View Full Version : gcc: passing defines on the command line with $(cat file)

March 10th, 2008, 03:59 PM
Hi all,

I am in a group working on a big software project. Lately, I tried to make the gcc call more readable by condensing all defines. The problem boils down to this:

If you are using defines like so:

#include <iostream>

int main() {
std::cout << MSG << std::endl;

you can define them on the command line like so:
g++ -DMSG=\"Hello\" -o talk talk.cc

If you use multiple words, you have to quote like so:
g++ -DMSG="\"Hello world\"" -o talk talk.cc

If for some reason you want to read the defines from a file (which I do), you can say:
g++ $(cat defines) -o talk talk.cc

With the file 'defines' containing


My problem: How do you get this to work with a multiple word define?
If you straigt-forwardly say

-DMSG="\"Hello world\""
in 'defines', you get the error:
g++: world\"": No such file or directory

I've tried almost all combinations of \, " and '. I get the impression that cat does something funky to force g++ to break the file contents at spaces when passing it to the arg-vector of g++.

Thanks, flostre

March 10th, 2008, 04:24 PM
Actually, cat isn't doing something funky; bash is. Bash is very aggressive in its tokenizing. Change your call to
g++ "$(cat defines)" -o talk talk.cc You might need to adjust how/which quotes in your file to backslash-escape, if any.

March 10th, 2008, 04:52 PM
Alternatively, you could create a file like this:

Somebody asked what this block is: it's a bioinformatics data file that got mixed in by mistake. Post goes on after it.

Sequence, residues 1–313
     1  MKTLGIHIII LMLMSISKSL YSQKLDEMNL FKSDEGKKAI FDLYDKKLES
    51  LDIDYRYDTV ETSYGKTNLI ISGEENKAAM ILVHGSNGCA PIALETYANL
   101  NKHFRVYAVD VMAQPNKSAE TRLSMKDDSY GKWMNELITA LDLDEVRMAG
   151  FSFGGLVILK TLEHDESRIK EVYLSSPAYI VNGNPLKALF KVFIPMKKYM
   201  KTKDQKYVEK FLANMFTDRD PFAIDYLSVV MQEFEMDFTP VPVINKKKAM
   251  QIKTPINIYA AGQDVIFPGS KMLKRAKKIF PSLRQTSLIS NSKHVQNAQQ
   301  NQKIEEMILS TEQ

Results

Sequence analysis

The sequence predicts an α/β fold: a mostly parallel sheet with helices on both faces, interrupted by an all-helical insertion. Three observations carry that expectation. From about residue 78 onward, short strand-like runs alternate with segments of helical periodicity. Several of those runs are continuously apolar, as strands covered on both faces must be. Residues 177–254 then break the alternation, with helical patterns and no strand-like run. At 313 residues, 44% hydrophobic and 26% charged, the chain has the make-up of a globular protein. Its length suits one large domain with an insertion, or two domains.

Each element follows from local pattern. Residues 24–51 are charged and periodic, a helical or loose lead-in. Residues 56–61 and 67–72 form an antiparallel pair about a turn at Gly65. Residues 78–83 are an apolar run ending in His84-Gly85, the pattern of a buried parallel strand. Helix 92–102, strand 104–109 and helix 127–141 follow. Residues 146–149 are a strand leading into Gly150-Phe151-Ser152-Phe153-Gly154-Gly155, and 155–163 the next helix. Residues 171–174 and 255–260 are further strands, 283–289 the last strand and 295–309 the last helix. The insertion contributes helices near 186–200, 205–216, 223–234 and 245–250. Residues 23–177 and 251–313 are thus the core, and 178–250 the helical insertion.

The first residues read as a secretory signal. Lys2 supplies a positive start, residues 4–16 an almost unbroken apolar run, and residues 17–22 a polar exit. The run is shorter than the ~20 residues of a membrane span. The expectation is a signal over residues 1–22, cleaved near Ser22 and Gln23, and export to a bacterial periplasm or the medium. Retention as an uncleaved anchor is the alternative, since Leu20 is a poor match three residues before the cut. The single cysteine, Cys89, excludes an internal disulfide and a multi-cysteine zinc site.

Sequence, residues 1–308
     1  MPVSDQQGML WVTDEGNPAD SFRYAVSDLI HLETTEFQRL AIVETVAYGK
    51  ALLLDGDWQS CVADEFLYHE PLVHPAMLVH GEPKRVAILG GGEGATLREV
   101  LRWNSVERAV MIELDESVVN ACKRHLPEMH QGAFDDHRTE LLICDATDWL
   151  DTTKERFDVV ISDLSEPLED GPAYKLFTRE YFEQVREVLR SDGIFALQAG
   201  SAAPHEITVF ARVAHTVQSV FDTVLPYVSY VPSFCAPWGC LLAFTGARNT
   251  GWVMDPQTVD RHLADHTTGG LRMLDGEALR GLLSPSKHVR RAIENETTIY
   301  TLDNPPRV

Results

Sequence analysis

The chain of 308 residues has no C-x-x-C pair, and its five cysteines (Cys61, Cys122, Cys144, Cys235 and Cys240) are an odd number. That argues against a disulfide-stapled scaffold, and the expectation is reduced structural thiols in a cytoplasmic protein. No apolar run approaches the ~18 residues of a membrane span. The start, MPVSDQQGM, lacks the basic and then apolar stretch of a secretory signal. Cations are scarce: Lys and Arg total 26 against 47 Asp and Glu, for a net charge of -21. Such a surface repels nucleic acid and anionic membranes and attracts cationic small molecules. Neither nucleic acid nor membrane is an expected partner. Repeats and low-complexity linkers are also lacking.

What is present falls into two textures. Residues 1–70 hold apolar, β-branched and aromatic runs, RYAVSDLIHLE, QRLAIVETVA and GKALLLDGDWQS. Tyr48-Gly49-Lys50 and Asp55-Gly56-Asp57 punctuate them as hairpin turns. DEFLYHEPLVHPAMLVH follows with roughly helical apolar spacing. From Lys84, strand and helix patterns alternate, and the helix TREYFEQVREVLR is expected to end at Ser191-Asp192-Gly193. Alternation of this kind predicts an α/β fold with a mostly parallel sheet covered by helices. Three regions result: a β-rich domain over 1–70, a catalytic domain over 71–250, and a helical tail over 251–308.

#define MSG "Hello, world!"
#define MSG2 "Goodbye, cruel world!"
and use the -include or -imacros option:

$ g++ -include defines.h -o talk talk.cc

March 10th, 2008, 06:15 PM
Alternatively, you could create a file like this:


#define MSG "Hello, world!"
#define MSG2 "Goodbye, cruel world!"
and use the -include or -imacros option:

Agreed. Or, you could just create a header that's #include'ed from all files that need the definitions. I don't really know why you'd bother trying to do it any other way...

March 12th, 2008, 10:06 AM
@msserver: that only works if you have just one define

I went with WW's approach.

The reason we don't just have one global include is separation of concerns plus dynamicality. Our software is compiled as a collection of quite some dynamic libraries, each with its own Makefile (not called recursively, but iteratively). Defines from one library should be defined in the libraries headers where they belong. Some defines, however, have to be determined at compile time (current revision, username, hostname,...). These are the ones we're talking about. They are defined in the Makefile of the library that introduces the need for them, but passed to every file. All in all we have quite some defines in the g++ call which puts too much output to the terminal. So I wanted to put the defines into a file - which is now working.

Thanks, flostre